One of the biggest reasons I chose to come to Northwestern was because of the Journalism Residency program through the Medill School of Journalism. I knew that I wanted to study journalism in college and no other university that I had looked at had anything quite like JR. Every Medill student is required to spend one quarter during their third or fourth year doing an internship for course credit. It’s an amazing way to gain real world experience in a newsroom and make valuable networking connections before graduation. Medill has relationships with news outlets and marketing agencies across the country where students are assigned to complete their JR. While most students are matched with one of these pre-selected JR sites just a couple of months before their start date, I had a slightly different experience.
Almost a full year before my JR was scheduled to start in February of 2018, I got an email from a Medill professor with a job listing for the Winter Olympic Internship Program with NBC Universal. The professor encouraged me to apply and said that, if I was selected, I could use the internship as my Journalism Residency. Thanks to a combination of good timing and support from my professor, I submitted my application and waited. After a few rounds of interviews and seemingly months of waiting, I got a call from in late August offering me a position as an intern in PyeongChang. I was overjoyed and immediately contacted my academic advisor in Medill to make sure that my internship would count for JR. I learned pretty soon that I wouldn’t be the only Northwestern student in Korea – eight fellow Wildcats made the 15-hour flight with me in early February.
My month with NBC Winter Olympics was the most exciting and rewarding experience of my Northwestern career. Interns were spread across PyeongChang working in different venues with specific roles to make the broadcast come together. Some handled athletes making sure they got to the ice on time or to the post-game press conference, and others logged footage of every ski run, luge run, or hockey game. I was one of the interns at the International Broadcast Center and was stationed at the SportsDesk. The SportsDesk was an office of 12 producers, six on-camera talent, and 20 camera men who were in charge of creating features for the show “Olympic O-Zone,” which premiered nightly before the primetime coverage, and covered breaking news. This was amazing for me because it meant that I got to help produce content about a variety of different sports and topics. As a Logger, I primarily spent the early part of the internship transcribing interviews. I was exposed to many fascinating people, like the founder of the first K-Pop dance school in Seoul and the American assistant coach of the United Korean Women’s Hockey Team. Over the course of my time at the SportsDesk, I proved myself to my supervisors and was able to gain more responsibilities. I conducted research for producers, ingested and organized footage, and even coordinated an on-site interview for NBCSN. Over the course of my internship, I also made it abundantly clear that I was a huge curling fan. That eventually paid off when the U.S. Men’s Curling team made a surprising gold medal run. Nobody in my office knew enough about the sport to report on it so I spent the last three days of my internship at the curling venue assisting the cameramen and the reporters.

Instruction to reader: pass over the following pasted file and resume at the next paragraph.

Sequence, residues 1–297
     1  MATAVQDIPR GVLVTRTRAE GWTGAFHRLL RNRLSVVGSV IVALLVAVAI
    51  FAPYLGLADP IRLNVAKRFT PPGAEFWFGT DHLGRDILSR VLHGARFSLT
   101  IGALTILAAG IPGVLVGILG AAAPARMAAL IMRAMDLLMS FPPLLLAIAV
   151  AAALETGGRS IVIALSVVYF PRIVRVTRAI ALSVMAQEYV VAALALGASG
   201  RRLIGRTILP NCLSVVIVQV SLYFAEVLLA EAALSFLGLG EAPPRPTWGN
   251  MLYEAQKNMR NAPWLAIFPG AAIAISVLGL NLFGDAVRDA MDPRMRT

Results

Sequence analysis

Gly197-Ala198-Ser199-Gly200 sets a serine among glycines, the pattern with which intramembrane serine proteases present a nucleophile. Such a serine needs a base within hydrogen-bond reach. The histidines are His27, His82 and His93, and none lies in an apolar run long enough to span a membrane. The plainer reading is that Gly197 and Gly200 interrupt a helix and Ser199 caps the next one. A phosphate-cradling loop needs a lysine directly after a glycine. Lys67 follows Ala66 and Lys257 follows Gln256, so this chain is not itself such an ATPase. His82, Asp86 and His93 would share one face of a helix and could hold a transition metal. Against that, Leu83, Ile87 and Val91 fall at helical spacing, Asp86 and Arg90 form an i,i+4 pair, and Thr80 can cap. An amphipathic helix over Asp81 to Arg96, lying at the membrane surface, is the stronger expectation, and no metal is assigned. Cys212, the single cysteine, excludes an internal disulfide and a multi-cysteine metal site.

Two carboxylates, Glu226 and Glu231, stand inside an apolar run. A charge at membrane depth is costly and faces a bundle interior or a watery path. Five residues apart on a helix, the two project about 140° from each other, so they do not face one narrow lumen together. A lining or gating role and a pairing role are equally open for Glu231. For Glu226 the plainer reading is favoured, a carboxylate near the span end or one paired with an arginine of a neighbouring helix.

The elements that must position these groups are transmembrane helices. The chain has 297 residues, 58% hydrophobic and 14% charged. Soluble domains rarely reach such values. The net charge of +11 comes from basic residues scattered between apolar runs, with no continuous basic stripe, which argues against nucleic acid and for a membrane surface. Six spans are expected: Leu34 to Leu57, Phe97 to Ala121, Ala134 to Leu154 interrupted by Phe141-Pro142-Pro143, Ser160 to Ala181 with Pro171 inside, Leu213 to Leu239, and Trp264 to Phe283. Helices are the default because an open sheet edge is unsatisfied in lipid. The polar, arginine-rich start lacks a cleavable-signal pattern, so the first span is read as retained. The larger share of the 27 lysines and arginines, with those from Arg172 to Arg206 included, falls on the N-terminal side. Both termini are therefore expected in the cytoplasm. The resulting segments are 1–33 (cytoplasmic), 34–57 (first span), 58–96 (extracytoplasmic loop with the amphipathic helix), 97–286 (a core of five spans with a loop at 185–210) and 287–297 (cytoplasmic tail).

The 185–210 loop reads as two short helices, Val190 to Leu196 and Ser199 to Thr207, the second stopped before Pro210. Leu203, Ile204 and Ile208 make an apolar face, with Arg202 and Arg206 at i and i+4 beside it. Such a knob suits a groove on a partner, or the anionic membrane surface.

While the work I did was important, some of my favorite memories of working at the Olympics happened when I wasn’t working. One afternoon I was eating lunch in the cafeteria with my friend when Shaun White came to sit with us and we talked about how he cried while watching Moana. Another night I bumped into Olympic curler Becca Hamilton and she asked me to compete in a charity curling tournament with her. I regrettably declined the invitation because of my very low curling competency level. And I got to witness the historic women’s hockey gold medal game between the U.S. and Canada that ended in a shootout.
I wouldn’t have been able to have this amazing experience without the support and flexibility of my Medill professors. I have found that Northwestern really places an emphasis on students’ applied learning experiences outside of the classroom and that has allowed me to explore a lot of opportunities that I otherwise wouldn’t have. Another great example of this is how Northwestern President Morty Schapiro personally helped me get a summer internship with the New England Patriots after he heard that I was a big fan and interested in sports journalism. While JR made Medill really exciting and unique to me as a prospective student, it is just one example of how Northwestern pushes its students to engage with the world outside of the classroom.
– Post written by Lyndsey Armacost, Medill ’18